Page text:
There was a time when publishers were seen as the trendsetters in this industry. When Rockstar released Grand Theft Auto it tapped into the consciousness of the gaming public, triggering a flood of ‘me-too’ copycat titles and crafting an entire genre in the process. However, in the light of the runaway success of the Wii it has become clear that while some publishers are keen to break boundaries and push the envelope, most are perfectly content with towing the line and producing content that is perfectly in keeping with the image of the machine.
EA is one such publisher. Famed for its sports titles and year updates, the company has taken a completely different turn thanks to Nintendo’s massively successful console. There was a time when the idea of EA releasing ‘kiddie friendly’ titles would have been scoffed at, but in the past few months we’ve seen the likes of Boogie and MySims hit the store shelves – titles squarely aimed at younger gamers. The trend looks set to continue with the recently released EA Playground, which is 100% compatible with the Wii’s ‘family gaming’ image and attempts to bring the thrill of school playtime to the home console.
Set in a colourful and eye-catching school, EA Playground revolves around several mini games, all of which make use of the Wiimote in some way. The visuals are unlikely to turn any heads from a technical standpoint but you can’t deny the whole package possesses a certain charm that is often missing from modern videogames. Character models are packed with expression and animate particularly well, and it’s a fair bet that the target audience will find the whole thing extremely appealing.
The range of games available is a curious mixture. There are several events here that owe a clear debt to Nintendo’s Wii Sports (the ball-based games, for example) but others are a little more unique – one features a paper aeroplane that you have to throw and then guide by delicately balancing the Wiimote.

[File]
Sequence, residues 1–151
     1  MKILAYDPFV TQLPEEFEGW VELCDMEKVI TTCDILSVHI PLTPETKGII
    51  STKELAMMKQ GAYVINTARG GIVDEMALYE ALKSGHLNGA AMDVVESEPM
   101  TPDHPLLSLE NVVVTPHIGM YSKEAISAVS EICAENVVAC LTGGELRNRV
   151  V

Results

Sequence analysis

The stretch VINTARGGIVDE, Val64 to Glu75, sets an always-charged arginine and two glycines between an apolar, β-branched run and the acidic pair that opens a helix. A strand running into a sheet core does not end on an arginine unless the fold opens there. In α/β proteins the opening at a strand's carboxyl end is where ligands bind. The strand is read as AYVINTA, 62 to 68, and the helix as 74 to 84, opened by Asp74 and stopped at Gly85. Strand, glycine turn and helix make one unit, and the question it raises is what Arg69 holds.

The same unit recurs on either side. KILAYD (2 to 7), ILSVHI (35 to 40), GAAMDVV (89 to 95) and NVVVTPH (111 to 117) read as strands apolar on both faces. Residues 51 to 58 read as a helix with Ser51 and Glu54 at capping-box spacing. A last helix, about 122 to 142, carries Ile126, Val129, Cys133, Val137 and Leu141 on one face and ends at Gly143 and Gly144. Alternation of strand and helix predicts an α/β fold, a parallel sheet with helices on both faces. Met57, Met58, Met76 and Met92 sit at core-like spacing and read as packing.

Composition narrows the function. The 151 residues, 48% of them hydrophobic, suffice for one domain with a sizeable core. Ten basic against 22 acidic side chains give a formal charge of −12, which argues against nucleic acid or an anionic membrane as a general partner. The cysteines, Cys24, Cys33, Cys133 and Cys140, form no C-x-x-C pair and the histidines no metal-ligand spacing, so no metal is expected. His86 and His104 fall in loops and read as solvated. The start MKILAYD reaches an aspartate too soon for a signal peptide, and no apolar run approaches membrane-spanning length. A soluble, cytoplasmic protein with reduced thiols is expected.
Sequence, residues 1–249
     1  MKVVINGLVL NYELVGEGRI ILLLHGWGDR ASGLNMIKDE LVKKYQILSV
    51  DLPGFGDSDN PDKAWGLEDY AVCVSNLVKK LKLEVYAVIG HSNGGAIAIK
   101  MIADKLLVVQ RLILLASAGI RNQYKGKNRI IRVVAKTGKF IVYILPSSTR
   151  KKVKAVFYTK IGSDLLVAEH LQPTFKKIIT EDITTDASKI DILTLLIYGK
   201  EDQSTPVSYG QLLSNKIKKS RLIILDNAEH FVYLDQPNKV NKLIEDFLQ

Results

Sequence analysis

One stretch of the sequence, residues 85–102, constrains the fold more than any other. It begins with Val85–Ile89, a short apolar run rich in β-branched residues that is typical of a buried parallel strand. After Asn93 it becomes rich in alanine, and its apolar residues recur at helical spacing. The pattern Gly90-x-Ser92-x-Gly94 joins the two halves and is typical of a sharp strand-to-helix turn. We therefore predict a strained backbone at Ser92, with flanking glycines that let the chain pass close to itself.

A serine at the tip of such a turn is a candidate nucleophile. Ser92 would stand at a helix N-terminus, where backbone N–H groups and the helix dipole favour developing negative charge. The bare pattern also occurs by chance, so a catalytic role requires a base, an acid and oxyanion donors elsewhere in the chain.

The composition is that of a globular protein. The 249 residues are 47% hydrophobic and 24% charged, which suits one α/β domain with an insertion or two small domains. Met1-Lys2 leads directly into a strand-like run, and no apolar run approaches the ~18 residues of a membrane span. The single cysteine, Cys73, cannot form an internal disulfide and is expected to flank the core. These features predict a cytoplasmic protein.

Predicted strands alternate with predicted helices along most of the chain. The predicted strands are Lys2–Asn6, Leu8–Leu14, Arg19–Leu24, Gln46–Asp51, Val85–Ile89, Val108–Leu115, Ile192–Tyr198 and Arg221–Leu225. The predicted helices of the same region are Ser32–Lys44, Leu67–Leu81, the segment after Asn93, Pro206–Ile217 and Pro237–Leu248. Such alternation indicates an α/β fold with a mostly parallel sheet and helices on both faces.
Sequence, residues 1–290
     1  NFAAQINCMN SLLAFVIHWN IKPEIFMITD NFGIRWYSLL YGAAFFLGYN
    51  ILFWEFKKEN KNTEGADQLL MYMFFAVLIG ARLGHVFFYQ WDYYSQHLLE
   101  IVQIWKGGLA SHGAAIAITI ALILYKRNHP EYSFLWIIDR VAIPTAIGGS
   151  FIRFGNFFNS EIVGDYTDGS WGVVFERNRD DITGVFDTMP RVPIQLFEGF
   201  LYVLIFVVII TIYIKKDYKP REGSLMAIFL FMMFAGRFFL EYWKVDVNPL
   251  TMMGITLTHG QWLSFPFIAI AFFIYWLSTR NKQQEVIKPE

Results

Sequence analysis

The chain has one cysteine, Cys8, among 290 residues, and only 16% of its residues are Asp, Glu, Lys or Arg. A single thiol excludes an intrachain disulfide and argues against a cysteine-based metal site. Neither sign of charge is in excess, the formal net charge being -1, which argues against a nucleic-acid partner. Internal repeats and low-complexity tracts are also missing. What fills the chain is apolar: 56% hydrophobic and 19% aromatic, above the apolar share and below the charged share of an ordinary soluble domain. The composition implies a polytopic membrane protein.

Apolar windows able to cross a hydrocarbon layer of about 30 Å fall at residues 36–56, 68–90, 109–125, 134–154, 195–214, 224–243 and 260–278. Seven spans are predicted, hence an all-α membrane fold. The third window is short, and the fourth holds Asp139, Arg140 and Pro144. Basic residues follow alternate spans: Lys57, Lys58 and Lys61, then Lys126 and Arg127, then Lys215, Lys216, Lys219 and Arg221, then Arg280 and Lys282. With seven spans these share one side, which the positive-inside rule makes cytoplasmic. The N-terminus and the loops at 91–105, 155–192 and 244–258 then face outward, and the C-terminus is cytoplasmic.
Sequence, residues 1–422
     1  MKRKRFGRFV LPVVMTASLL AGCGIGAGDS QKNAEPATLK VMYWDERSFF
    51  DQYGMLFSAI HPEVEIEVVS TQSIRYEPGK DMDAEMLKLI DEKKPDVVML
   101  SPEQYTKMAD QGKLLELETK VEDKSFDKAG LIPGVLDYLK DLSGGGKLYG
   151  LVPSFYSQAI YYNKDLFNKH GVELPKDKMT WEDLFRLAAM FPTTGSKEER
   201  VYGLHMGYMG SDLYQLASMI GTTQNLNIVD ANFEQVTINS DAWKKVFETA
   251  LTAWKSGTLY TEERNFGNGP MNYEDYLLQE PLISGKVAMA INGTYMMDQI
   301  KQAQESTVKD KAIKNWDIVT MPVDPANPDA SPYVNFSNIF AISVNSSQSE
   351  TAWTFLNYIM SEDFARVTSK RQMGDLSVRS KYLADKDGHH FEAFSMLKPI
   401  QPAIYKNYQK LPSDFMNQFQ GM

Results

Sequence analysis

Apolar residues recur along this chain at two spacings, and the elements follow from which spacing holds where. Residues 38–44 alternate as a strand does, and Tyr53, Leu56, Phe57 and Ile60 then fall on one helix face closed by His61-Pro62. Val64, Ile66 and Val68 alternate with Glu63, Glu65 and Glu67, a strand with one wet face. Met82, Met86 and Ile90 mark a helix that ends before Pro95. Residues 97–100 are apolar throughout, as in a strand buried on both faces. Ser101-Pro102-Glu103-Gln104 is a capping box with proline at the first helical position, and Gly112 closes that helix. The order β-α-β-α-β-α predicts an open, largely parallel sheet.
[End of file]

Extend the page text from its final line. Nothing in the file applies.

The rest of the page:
Predictably it’s the games which allow you to face a human opponent that prove to be the most fun, but all of the events in EA Playground are hindered somewhat by the simplistic controls. The game refuses to make use of the Nunchuk, relying solely on the Wiimote for interaction. This is obviously an attempt to make the game as approachable as possible, not only in complexity, but accessibility – those additional Nunchuks cost money, after all – but it unfortunately undermines many of the events. Wall-ball, for example, is reduced to nothing more than swinging your Wiimote when the ball approaches your character - not very demanding or exciting.
There’s more to do here than just play games, though. In true playground fashion there’s a definite hierarchy to observe, and you’re given the chance to work your way up the ranks by earning marbles (the all-important playground currency) which can be exchanged for stickers that unlock more advanced powers. This is a really neat touch which adds an extra dimension of playability to the game – not only can you compete for high scores but there’s a satisfying sense of progression as you slowly fill your sticker annual.
EA has clearly tried to make this game appeal as much as possible to as wide a spectrum of age groups, and unfortunately this is where the game comes undone to a certain extent. Events like Slot Car Racing are so simplistic that only the youngest and most inexperienced gamer is going to gain any enjoyment from them; conversely, the dodge ball and tetherball events require a little more co-ordination and unsurprisingly it’s these games that offer the most attractive propositions for more mature participants.
In a way it’s a positive thing – it means that for once, the entire family can enjoy one piece of software. The only problem is that EA Playground is in direct contention with the superlative Wii Sports for screen time, and although it offers a slightly different experience, it simply can’t hold a candle to Nintendo’s wonderful collection of addictive games.
EA certainly has the makings of another money-spinning franchise here. EA Playground certainly offers something new and worthwhile, but in its current guise suffers from a few minor setbacks that stop it being truly essential. However, it’s ideal family entertainment and is well worth considering if you have younger gamers keen to find fulfilment on the Wii.